ENDS SOON! Get 25% off our flagship ULTIMATE™ Programme enrolment fee! Use promo-code: testimonial213  CLICK HERE




The Lazy Trader’s Forex Blog - trading news and forex trading news

Why You Should’t Discriminate Against Currency Pairs

By Robert Colville on July 17, 2013

Rate this post

It’s time we kick the discrimination out of currency trading once and for all and trade according to what the chart tells us rather than the pre-conceptions we may have about the country in question.

Just because a currency pair is “different” and not a major or a minor, it does not mean it’s completely defunct of yielding highly lucrative opportunities…especially as we trade what we see and not what we think.

Here, I’m talking about the commonly overlooked Scandinavian currency pairs, often referred to as “Scandies”. Like any other currency pair they are represented and traded according to what price-action set up there is on their currency’s chart, and, like any other currency pair, there are the same external factors cause them to ebb and flow in the pathway of least resistance.

Whether it’s a price-action set-up on the Daily chart of USDNOK, GBPNOK, or even an opportunity on the USDSEK chart which stands out like a sore thumb, console yourself with the fact that even though it may not be a “mainstream” pair we read or hear about, it does not mean we cannot profit from it the same way as we can a more “generic” pair like EURUSD or Aussie Dollar!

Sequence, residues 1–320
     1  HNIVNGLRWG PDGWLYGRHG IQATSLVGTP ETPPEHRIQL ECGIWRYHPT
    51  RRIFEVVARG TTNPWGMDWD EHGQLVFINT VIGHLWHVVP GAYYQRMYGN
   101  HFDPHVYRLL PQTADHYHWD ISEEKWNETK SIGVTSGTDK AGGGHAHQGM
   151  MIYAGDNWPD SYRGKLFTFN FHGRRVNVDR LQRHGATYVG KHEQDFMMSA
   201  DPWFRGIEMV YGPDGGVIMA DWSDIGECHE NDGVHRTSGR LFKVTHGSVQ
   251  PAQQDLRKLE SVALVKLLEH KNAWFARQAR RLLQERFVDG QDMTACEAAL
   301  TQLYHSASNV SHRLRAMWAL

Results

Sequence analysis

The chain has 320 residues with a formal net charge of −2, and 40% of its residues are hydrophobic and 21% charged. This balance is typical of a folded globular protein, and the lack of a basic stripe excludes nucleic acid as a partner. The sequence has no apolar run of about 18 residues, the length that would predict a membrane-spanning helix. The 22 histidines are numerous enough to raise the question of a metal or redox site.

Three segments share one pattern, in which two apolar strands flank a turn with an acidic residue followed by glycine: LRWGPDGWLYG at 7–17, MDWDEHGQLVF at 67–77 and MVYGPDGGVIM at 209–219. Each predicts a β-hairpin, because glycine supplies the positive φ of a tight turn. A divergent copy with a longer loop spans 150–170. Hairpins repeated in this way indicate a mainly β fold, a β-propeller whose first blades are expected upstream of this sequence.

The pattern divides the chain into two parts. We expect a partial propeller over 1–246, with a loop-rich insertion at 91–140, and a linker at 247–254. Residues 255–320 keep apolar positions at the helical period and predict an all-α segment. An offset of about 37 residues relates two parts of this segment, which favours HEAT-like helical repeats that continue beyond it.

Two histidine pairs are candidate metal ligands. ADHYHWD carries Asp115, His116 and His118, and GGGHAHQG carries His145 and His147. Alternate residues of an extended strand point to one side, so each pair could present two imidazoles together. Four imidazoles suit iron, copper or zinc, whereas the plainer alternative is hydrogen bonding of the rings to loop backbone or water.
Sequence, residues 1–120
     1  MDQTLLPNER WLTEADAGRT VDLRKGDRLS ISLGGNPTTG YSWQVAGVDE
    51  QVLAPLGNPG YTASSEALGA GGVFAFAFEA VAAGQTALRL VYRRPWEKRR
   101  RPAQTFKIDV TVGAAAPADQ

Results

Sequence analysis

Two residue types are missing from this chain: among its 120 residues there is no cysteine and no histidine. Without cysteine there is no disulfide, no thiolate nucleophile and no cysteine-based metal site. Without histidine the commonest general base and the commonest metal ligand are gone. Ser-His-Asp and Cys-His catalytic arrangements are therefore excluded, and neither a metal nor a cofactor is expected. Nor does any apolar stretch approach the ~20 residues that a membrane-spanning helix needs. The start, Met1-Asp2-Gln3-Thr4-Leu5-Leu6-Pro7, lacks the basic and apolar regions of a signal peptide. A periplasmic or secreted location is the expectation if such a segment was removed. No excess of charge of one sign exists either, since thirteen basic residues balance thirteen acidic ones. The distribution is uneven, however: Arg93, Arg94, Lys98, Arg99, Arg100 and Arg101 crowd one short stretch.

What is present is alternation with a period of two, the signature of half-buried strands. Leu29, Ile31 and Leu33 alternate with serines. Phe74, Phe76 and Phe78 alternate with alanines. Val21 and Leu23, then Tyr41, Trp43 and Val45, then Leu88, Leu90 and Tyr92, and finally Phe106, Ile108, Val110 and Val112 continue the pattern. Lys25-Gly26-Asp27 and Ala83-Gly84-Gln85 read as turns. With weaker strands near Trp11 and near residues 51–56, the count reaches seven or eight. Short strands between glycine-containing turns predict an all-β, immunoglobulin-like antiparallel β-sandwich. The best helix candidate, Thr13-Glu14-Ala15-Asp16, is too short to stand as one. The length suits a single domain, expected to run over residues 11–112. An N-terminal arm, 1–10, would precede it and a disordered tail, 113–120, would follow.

After all, we trade price action according to what we see on the chart and price action behaves the same way across a spectrum of different markets, enabling us to trade and potentially profit from this variety of markets in exactly the same way…universally (however, we stick to currencies because of its liquidity and because it’s less likely to gap or be manipulated compared to an AIM listed stock!).

Throughout my time mentoring private investors for the past three years, I have noticed a common leaning towards the majors and minors where these pairs are traded almost exclusively of the higher timeframes, often at the expense of the lost opportunities on the more exotic pairs. Why is this?

Maybe it’s because the private investor prefers to trade what Joe-average is trading and does not want to be “different” when talking shop. Perhaps it’s because people don’t like trading currency pairs relating to counties they have not been to, understand or know. Maybe they are considered too “illiquid” to trade. Perhaps it’s because the spread quoted by the broker is “too big”. Otherwise, I don’t know…you tell me!

I cannot remember the last time I traded a minor or a major currency pair for that matter. The crosses and more exotic pairs are a lot more seductive for me in my end of day campaigns to pillage pips from the markets.

Mention GBPNOK to me my back in 2008 and I would ask whether that pair was even legal, yet alone tradable. However, this month its gains represent the lion’s share of this month’s profits.

How on earth did that happen?